This week we facilitated a Playground session at the ISTE conference in San Antonio, Texas. It’s always great to meet teachers and educators who are as passionate and inspired by the learning opportunities we have with today’s modern tools.
You can see some of our session in the video below.
The ‘Sphero Aquatic Cup’
In our Sphero Aquatic cup, we purposefully designed a challenge that involved two different aspects of modern literacies;
- Design thinking challenges with hands on materials
- Coding with drag and drop and Java Script
Our main objectives was to show teachers that they combine these aspects together in one larger, STEM challenge that would require teams to collaborate on multiple levels.
Too often we see teachers using robotics or coding activities in isolation. However, there is enormous potential to extend your activities to include a range of skills.
[bctt tweet=”Have you thought of combining hands on making projects with digital coding in the classroom? See how how here.” username=”markherringnz”]
The Stem Challenge
This challenge, firstly, created the scenario of a boat rescue situation. There were people who needed saving on the other side of the ‘lake’ and teams were challenged to build a self automated craft that would travel across land, into the lake and complete the ‘rescue’ on the other side.
The link to a real life scenario was framed in a video showing rushing water and the dangers involved in a rescue, hence the need for a robotic rescue.
Here is the video we used to set the scene – You could use it with your students, or have them create their own.
Hands on Design Thinking
To complete the challenge, we provided craft materials such as cardboard, paper plates, tape, fluffy sticks and some polystyrene balls.
The designs of the craft had to take into account the level of friction with the floor, the structural ‘robustness’ and how they would safely provide a space for the rescued person to sit or stand.
Here are a couple of our designs
The other ‘construction’ element was the bridge into the lake. Teams would have to account for the height of the ‘lake’ edge and also the engineering design of taking a load as well as the gradient.
These hands on challenges to make, or design and build, are totally engaging and full of rich learning, both in the collaboration skills and the creativity and reflective thinking needed to be successful. The first idea or design is rarely the one that works without refinement.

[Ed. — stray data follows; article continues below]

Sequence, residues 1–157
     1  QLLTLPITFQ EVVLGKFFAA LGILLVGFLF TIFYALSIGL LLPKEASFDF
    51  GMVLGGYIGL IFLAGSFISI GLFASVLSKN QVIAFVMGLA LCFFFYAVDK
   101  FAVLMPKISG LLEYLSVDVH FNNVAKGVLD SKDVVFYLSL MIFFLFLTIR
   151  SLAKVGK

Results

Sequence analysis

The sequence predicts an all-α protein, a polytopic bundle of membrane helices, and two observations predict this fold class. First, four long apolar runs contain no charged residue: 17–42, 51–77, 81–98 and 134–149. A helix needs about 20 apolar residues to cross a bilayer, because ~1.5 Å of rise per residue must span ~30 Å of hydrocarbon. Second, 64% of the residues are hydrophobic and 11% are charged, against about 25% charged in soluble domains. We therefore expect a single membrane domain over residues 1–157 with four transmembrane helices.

Coding and Design Thinking
The second element of the challenge required the automation of the Sphero SPRK+ using the Sphero EDU app and the ‘drag and drop’ coding. Teams would need to code the SPRK+ to travel around some markers to avoid the obstacles, travel up the ramp and into the lake to the other side.
The app involves a series of ‘ribbons’ with coding commands such as ‘roll’, ‘delay’ and so on. Teams, as the design thinking process enables, will design, test, refine and re-design, to create a successful set of code for the challenge.
One of the aspects of coding with the Sphero that we love is that the technical elements of coding are so easy that the computational thinking and problem solving becomes the primary task.
[bctt tweet=”Sphero SPRK+ are a great way to challenge students with a design thinking challenge that involves coding, too! Here’s an easy way to do just that” username=”adifrancis”]
In the classroom, using a tool like Flipgrid, teams could give feedback at certain times during the activity to discuss the learning process.
The use of video could also be used to record the process and allow the students to report back like a journalist discussing the learning that has taken place.
By adding a real world connection, problem solving, collaboration and a hands on activity multiple modern literacies can be addressed, all in the safety of your local paddling pool.
Let us know if you would like one of our STEM Specialists to run an aquatic challenge (as well as other fun STEM challenges) with your staff and students